To keep abreast of the realities of climate change, a research collaboration is being planned on climate-smart crops, smart food and the digitalisation of a breeding database.
Last week a new three-year agreement towards tackling these issues was signed between the Indian Council of Agricultural Research (ICAR) and the International Crops Research Institute for the Semi-Arid Tropics (ICRISAT).
Apart from enriching global research, they hope to benefit farmers with small holdings in India.
“Dryland cereals and grain legumes are branded as ‘Smart Foods’ — good for consumers, farmers and the planet as they diversify farming systems and help smallholder farmers adapt to climate change. We enjoy a strong partnership with ICAR so we can deliver real results to improve the lives of farmers and their families in the harsh drylands,” said Dr David Bergvinson, Director General of ICRISAT, at the signing of the agreement.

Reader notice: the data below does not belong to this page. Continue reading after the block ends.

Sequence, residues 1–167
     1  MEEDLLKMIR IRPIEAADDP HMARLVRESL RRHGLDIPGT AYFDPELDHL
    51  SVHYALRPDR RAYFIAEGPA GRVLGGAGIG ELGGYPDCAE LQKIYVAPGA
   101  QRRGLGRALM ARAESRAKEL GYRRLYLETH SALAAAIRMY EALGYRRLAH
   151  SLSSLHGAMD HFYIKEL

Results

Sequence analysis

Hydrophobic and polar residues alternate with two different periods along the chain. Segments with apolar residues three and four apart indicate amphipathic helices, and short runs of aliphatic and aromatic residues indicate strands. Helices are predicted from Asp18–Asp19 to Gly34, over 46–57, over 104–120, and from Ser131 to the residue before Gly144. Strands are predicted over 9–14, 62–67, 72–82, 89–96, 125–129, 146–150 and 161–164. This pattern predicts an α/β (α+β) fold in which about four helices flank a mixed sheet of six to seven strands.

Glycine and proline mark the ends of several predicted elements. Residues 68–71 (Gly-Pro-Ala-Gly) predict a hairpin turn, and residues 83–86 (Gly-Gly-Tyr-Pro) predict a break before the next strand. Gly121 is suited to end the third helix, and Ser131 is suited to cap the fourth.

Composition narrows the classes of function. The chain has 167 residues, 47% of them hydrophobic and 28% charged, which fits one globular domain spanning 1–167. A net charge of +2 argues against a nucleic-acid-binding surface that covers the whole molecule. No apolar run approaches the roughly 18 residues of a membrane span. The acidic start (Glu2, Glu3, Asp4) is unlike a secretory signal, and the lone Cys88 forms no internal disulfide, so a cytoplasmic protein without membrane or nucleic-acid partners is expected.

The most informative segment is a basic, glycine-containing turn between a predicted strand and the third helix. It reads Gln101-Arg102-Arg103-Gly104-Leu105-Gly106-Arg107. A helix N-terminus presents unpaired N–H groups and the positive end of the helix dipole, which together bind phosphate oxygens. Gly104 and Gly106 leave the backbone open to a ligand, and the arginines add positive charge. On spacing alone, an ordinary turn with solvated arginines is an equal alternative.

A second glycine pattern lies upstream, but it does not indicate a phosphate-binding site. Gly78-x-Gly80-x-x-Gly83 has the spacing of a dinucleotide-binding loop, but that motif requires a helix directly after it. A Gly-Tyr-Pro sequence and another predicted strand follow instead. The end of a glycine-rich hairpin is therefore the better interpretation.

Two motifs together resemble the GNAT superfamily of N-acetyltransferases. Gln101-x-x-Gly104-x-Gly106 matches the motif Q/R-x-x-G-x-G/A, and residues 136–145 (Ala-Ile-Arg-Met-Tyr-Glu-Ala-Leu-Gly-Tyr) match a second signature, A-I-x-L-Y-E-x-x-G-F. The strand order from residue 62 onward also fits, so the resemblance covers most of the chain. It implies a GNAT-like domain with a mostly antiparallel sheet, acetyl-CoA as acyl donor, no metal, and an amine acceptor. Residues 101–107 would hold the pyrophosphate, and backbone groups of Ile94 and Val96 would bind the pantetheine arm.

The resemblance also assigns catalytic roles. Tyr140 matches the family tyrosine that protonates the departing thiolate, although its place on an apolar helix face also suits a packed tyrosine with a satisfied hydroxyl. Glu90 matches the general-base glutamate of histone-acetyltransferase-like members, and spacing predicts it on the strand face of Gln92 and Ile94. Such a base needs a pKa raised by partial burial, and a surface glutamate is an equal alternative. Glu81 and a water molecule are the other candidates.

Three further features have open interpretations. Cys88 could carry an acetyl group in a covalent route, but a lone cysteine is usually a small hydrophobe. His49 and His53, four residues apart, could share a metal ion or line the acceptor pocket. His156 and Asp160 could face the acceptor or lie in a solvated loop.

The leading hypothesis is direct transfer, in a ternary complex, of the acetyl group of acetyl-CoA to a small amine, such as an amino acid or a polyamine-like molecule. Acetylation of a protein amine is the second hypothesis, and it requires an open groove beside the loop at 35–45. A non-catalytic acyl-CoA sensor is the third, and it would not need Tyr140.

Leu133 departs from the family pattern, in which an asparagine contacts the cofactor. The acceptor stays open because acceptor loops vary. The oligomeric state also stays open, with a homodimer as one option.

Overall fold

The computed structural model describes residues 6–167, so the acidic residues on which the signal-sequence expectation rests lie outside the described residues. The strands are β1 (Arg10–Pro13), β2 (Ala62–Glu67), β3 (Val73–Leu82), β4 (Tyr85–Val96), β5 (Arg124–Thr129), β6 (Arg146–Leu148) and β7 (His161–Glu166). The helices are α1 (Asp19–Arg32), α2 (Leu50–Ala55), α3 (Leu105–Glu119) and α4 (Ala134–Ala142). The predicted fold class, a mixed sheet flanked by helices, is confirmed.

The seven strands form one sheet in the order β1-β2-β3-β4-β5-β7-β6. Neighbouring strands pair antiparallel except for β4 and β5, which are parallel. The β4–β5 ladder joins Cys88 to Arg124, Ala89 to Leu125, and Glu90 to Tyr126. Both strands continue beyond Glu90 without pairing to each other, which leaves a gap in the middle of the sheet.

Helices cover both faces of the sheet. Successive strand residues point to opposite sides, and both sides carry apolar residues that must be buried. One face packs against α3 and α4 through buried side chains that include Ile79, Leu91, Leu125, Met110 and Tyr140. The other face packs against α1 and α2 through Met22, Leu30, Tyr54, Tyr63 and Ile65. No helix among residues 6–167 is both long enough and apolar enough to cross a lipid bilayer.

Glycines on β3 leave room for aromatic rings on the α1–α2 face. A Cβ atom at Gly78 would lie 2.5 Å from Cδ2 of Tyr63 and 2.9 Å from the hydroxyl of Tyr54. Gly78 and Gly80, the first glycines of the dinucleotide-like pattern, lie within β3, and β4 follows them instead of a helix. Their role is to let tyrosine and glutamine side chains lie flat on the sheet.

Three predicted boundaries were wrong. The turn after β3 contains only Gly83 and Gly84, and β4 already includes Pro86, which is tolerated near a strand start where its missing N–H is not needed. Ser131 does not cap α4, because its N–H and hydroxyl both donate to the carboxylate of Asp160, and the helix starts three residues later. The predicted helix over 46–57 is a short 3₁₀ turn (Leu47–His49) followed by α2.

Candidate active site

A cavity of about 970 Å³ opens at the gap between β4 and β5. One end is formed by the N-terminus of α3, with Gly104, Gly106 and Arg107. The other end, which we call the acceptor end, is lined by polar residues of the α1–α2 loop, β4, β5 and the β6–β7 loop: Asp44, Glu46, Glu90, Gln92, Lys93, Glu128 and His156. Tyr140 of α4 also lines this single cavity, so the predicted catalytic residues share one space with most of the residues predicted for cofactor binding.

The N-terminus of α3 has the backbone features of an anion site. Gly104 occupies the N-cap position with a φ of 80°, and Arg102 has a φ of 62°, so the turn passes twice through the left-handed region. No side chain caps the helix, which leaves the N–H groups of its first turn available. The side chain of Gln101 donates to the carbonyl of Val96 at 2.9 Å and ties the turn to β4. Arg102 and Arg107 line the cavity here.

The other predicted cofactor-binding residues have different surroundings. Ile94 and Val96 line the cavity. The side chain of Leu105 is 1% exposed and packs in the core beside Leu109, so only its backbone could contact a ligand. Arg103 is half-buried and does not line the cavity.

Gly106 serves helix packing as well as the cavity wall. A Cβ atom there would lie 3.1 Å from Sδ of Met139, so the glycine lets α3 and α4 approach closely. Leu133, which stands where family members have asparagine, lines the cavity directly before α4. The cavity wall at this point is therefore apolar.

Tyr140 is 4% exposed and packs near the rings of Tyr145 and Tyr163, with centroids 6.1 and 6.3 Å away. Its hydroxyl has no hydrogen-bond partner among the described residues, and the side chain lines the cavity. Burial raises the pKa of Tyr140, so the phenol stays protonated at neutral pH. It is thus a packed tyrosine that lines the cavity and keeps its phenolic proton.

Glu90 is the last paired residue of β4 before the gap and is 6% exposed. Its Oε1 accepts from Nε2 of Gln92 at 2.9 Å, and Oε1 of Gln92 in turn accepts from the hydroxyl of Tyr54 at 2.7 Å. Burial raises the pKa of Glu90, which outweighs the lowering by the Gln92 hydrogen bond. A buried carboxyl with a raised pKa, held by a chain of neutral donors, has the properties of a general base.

The agreement will also facilitate research activities on transgenic pigeon-pea and chickpea for insect resistance.